List Price: $13.95
Paperback – 288 pages (April 1998)
Arcade Publishing; ISBN: 1559704357

Anne Woodley is an Amazon top 500 reviewer as well as the patroness of Janeites, the Internet discussion, as well as mistress of the Regency Ring. Her excellent page, The Regency Collection is a treasure trove of information.

Enjoyed this article? Browse our book shop at janeaustengiftshop.co.uk

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Women’s Lives in Georgian England


The Gentleman’s Daughter:

Women’s Lives in Georgian England
Written by Amanda Vickery

Women's Lives in Georgian England
What was the life of an eighteenth-century British genteel woman like? This lively book, based on letters, diaries, and account books of over one hundred middle class women, transforms our understanding of the position of women in Georgian England. These women were not confined in their homes but enjoyed expanding horizons and an array of emerging public arenas, the author shows.

Amanda Vickery’s The Gentleman’s Daughter: Women’s Lives in Georgian England (winner of the Longman History Today Prize in 1998) is an outstanding study of a crucial period in modern women’s history. Roy Porter described this book as “the most important thing in English feminist history in the last ten years.” While the writing style at times reminds one of a doctoral dissertation, the book does fill a niche often left underresearched. As one reader noted, “I appreciated this book because it broke me of my misconceptions about any kind of “romantic” life of the women of this “almost leisure” class, as another reviewer called it. They were at the mercy of their husbands, their social situation and fate. Very thought provoking for a Jane Austen fan like myself.”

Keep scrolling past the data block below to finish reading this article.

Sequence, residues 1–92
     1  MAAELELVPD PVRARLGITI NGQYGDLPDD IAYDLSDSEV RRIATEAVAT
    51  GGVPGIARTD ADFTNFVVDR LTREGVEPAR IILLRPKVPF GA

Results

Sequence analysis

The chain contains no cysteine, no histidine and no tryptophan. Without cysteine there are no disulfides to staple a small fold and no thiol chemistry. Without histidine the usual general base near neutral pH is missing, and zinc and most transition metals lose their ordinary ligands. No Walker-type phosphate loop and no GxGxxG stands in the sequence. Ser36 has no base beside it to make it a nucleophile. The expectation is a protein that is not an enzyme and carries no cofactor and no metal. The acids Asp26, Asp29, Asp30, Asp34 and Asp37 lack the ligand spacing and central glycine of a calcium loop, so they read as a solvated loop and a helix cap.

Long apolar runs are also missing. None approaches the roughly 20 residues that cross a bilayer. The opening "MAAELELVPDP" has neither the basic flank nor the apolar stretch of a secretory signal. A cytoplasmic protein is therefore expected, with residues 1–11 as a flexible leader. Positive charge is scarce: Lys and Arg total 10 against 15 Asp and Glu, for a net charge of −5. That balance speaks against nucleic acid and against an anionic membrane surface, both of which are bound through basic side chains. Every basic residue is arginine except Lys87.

What would the lives of these women- women like Elizabeth Bennet, Emma Woodhouse, and even Austen, herself, to a lesser extent, have been like? Readers familiar with the feminist analysis of women’s lives in the late 18th to mid-19th century will find some of the commonplaces of that viewpoint called into question. Rife with personal examples, this history brings Georgian society to life through what Vickery identifies as the “terms set out in their own letters by genteel women.” The seven sections of the book are labeled: “Gentility”, “Love and Duty’, “Fortitude and Resignation” (which includes a noteworthy discussion on pregnancy), “Prudent Economy”, “Elegance”, “Civility and Vulgarity”, and “Propriety”. “Our battles were not necessarily theirs,” Vickery reminds us as she draws a fine profile of these women’s lives and their ways of finding meaning and pleasure amid the strictures of Georgian culture.


Yale Univ Press
ISBN: 0300080026;
Published: September 1999
List Price: $19.00 (paperback)

Ladies of the Grand Tour:

British Women in Pursuit of Enlightenment and Adventure in Eighteenth-Century Europe
Written by Brian Dolan


Ladies of the Grand Tour

Life in the eighteenth century for women was a strange mixture of education, enlightenment and restriction. The fact that some could travel so freely seems an anomaly given their general position in society legally – yet travel many did – and write about – they did too. Dolan has used mostly diaries and letters of female travellers for this large and well-researched book.

There is a lot of material which sheds new light (for me anyway) on the life of women travelling during this time but he tends to use the diaries and letters of those women who are already very well written about simply because there is such a wealth of material about them so Lady Bessborough, Lady Holland, Mary Montagu, Mary Wollstonecraft and Marianna Starke (to name the main ones) dominate the book. Perhaps there just isn’t the same wealth of material about travel undiscovered and so the main writers are returned to. These women have certainly been used to define this age.